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Maki, R. H., & Hasher, L. (1975). Encoding variability: A role in immediate and long term memory? American Journal of Psychology, 88, 217-231.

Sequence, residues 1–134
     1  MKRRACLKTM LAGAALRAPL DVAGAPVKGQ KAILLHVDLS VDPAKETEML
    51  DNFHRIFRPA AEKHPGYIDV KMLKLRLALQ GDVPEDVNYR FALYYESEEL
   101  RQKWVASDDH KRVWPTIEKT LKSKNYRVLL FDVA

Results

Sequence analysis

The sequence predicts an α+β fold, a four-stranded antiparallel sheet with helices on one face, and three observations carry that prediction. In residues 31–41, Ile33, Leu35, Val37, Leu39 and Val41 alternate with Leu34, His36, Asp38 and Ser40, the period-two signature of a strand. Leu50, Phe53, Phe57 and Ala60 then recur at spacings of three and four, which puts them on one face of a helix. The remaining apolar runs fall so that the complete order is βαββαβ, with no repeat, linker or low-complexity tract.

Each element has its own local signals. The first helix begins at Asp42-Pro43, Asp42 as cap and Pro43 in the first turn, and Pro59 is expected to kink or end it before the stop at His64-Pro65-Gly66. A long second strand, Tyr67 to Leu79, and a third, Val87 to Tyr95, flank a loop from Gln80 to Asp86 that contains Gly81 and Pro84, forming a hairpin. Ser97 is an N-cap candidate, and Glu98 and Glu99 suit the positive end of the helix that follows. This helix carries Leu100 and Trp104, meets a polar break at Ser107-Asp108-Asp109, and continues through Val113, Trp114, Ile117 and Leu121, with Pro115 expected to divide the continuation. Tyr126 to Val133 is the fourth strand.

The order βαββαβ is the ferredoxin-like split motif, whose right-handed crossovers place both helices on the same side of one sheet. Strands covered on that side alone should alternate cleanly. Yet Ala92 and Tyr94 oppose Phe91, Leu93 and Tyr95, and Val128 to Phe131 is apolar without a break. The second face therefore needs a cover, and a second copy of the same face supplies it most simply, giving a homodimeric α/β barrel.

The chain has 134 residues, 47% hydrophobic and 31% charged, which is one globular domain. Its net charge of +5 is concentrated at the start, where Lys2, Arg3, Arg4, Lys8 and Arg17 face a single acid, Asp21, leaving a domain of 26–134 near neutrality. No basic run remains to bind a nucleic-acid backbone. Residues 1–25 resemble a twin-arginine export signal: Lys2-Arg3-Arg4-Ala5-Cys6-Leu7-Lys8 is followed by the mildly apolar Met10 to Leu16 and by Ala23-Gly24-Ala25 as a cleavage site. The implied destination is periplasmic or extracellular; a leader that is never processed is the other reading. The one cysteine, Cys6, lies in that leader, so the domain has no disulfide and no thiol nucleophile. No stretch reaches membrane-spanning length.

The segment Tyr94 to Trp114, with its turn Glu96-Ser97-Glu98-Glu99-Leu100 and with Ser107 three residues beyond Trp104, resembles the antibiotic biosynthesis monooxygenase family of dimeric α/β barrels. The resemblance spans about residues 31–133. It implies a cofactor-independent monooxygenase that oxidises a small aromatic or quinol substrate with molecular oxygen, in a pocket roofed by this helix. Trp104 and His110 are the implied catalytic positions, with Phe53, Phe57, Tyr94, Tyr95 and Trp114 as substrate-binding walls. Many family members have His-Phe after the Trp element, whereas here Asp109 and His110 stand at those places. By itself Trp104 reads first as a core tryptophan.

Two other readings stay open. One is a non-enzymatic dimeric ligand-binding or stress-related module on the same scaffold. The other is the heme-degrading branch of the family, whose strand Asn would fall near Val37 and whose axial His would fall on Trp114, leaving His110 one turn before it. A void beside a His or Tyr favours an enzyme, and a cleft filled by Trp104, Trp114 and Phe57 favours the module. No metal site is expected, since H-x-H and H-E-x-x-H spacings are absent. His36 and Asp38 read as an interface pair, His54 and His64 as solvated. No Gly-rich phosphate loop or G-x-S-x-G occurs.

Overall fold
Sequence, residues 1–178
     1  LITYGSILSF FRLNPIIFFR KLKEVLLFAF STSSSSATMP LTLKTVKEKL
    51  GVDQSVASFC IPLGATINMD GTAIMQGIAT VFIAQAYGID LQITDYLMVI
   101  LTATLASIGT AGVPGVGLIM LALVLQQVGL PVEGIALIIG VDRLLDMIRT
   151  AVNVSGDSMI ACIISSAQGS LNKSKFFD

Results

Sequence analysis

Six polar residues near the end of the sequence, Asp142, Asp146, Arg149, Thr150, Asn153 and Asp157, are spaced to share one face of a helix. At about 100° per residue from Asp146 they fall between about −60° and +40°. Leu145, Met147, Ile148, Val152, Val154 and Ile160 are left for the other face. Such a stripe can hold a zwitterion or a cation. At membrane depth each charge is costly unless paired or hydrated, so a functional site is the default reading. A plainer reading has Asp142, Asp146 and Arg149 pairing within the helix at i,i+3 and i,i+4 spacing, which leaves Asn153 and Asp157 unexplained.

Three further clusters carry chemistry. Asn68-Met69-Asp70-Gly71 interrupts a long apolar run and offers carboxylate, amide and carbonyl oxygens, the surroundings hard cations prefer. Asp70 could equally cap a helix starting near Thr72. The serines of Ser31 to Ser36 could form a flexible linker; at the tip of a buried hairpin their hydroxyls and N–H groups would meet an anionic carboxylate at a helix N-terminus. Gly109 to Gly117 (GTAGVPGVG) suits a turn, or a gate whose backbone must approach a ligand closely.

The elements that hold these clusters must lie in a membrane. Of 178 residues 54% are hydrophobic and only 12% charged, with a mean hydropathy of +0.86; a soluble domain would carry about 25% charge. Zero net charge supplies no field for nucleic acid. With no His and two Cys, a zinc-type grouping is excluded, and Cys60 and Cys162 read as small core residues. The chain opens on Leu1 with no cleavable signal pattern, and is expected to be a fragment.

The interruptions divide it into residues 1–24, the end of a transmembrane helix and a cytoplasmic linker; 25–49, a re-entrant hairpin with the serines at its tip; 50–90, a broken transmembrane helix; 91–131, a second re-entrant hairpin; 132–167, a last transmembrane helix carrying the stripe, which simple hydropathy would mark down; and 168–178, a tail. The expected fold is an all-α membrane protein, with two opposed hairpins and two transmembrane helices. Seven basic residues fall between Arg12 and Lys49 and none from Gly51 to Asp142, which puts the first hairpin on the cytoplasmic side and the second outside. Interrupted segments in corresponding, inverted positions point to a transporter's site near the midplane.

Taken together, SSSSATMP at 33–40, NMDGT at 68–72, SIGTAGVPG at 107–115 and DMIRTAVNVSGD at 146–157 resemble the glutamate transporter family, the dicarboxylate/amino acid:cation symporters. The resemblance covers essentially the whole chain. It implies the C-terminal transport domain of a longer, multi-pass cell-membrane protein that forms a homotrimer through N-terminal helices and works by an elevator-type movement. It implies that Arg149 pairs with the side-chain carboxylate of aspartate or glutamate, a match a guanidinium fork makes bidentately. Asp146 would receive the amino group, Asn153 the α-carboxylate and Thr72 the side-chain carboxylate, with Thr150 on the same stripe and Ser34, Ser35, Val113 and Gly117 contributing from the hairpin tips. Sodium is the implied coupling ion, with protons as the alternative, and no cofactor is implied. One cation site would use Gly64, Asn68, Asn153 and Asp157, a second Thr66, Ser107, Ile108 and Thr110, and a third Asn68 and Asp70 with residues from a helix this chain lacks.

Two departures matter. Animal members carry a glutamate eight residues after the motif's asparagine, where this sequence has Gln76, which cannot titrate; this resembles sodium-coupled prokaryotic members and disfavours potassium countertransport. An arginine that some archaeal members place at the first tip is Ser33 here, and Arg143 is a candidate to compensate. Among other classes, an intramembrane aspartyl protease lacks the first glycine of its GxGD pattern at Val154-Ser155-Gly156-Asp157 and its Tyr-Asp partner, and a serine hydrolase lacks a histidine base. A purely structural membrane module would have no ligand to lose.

Two experiments tested the effect of variable encoding on recall. In the first, critical items occupied the same or different contexts, and presumably memory chucks, across successive study trails. There was no advantage either early or later in learning for items occurring in two contexts. In the second experiment, a list of homographs was learned and retention was tested one week later. During acquisition, independent groups of subjects were provided with none, one, or two meanings for each homograph. There was no advantage, either during acquisition or at retention, for lists having two versus one encoding per words.

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